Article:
Visiting A Tea Hut

Posted by Path of Cha on

For any tea enthusiast out there, an essential part of the tea discovery journey is visiting an authentic tea house. In a Chinese style tea hut, we can experience tea the way it has been traditionally enjoyed for centuries. Whether you’re a seasoned drinker, or someone just getting into the vast world of tea, it is important to know about some of the etiquette of tea drinking when you are visiting a tea house. 

  

What Is Gong Fu Cha?

 

Gong fu cha is the traditional Chinese tea ceremony. A large amount of tea leaves brew in small vessels for a short amount of time. The same tea leaves are then steeped over 10 times, depending on the tea.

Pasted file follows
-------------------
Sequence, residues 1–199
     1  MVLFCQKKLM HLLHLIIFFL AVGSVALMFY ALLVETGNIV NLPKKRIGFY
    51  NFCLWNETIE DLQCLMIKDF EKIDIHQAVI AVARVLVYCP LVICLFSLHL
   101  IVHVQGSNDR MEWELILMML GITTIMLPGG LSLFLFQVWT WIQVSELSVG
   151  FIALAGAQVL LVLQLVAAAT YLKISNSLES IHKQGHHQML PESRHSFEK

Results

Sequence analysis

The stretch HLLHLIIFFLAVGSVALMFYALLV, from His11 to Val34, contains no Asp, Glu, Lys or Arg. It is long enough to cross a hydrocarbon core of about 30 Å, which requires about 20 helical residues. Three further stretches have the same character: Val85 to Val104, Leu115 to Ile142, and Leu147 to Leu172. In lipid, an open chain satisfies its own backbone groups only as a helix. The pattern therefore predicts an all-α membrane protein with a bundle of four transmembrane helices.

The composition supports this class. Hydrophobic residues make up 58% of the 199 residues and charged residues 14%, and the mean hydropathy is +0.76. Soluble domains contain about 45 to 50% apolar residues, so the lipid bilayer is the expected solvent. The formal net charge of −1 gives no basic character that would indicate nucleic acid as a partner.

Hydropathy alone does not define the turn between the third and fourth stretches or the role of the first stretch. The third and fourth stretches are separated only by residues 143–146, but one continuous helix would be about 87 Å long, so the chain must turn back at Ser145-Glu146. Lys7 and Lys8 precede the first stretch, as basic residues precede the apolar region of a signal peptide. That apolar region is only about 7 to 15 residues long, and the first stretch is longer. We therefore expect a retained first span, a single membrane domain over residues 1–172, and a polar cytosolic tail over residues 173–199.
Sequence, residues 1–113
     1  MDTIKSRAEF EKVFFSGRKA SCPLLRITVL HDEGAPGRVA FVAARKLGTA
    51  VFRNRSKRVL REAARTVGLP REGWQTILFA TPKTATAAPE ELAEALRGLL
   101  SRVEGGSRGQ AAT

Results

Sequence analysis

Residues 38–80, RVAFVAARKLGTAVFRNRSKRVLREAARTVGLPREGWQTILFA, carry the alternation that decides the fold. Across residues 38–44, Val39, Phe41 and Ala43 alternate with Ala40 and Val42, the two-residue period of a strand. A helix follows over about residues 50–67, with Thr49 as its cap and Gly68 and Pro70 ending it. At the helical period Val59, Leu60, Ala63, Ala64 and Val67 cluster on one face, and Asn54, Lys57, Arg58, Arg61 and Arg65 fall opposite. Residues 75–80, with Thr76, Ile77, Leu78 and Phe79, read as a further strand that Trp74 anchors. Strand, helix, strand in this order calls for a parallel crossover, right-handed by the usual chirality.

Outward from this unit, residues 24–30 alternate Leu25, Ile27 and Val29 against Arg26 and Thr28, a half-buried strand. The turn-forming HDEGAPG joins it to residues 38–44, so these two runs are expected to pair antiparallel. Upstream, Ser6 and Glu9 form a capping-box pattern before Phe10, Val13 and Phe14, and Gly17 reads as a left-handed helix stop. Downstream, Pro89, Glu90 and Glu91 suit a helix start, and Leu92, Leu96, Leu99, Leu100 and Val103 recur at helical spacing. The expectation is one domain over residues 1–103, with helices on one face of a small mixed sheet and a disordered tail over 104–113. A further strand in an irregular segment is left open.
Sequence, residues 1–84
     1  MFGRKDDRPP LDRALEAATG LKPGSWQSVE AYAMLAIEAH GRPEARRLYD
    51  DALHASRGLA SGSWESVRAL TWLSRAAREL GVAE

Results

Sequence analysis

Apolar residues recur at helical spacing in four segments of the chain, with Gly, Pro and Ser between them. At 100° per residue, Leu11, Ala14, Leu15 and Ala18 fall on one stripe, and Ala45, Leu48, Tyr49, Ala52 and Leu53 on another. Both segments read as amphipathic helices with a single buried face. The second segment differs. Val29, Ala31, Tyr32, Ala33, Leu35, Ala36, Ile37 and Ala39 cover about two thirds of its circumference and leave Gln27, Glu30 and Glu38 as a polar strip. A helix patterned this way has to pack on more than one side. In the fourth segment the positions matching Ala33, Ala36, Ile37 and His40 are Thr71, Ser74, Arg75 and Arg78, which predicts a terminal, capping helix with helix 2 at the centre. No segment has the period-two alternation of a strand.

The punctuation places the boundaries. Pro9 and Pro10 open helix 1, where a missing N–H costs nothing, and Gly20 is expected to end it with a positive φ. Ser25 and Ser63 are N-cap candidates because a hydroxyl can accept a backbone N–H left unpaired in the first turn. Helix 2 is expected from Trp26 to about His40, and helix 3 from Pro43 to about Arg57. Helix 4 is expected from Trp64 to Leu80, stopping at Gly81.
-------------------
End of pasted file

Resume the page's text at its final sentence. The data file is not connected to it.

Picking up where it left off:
When brewing tea gong fu style, we allow for it to show itself gradually, step by step. No cup of tea is the same. With each brew, we experience new tastes and aromas. Gong Fu Cha is a slow journey filled with discovery and tranquility.

 

Literally translated, “gong fu” means “right effort.” It is a concept that if we take our time, do something whole-heartedly, and give it our all, we will be met with the best results. Thus gong fu cha symbolizes the proper way of preparing a delicious cup of tea by giving yourself to the experience without holding back. 

 

gong fu cha etiquette

 

Visiting A Tea House

 

Nowadays, Chinese cities like Shanghai, Chengdu, and Guangzhou still have a variety of tea houses for people to visit and relax with some tea.